China in Africa: impacts and prospects for accountable development

Mohan, Giles (2014). China in Africa: impacts and prospects for accountable development. In: Hickey, Sam; Sen, Kunal and Bukenya, Badru eds. The Politics of Inclusive Development: Interrogating the Evidence. Oxford: Oxford University Press, pp. 279–304.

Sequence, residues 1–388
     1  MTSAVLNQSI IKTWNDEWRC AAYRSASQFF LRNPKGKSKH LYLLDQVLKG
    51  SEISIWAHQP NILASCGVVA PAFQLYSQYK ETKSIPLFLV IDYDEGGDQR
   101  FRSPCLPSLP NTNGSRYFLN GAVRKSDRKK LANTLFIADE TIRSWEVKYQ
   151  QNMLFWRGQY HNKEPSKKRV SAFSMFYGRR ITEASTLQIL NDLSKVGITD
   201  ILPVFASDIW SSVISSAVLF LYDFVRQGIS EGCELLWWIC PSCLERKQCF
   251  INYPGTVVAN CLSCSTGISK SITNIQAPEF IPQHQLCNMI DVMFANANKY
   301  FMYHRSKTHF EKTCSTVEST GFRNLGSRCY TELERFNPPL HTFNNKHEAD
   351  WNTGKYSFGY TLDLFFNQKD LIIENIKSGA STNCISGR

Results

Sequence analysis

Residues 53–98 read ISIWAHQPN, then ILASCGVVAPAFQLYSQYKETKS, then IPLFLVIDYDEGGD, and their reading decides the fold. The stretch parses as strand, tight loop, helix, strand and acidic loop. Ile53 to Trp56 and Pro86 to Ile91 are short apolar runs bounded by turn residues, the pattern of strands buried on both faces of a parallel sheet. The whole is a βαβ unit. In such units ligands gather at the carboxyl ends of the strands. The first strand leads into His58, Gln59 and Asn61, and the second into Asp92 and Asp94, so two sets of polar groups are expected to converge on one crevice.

Development cooperation is changing as rising power donors (re)enter the fray. While a growing body of evidence explores some of the economic trends (e.g. UNCTAD 2007), we know little about the impacts of new (and predominantly Asian) drivers of development on state capacity-building and elite commitment to development in poor countries, especially in sub-Saharan Africa. Africa is a key site given existing problems of economic development and governance, but crucially it is emerging as a strategic region in terms of resource access, trade, investment, aid and migration (Alden 2007). Of the rising Asian countries China remains the largest player in Africa, and for this reason is the main focus of this chapter (Brautigam 2009). This chapter reviews the existing evidence on China’s engagement with Africa and maps out a future research agenda in this area.

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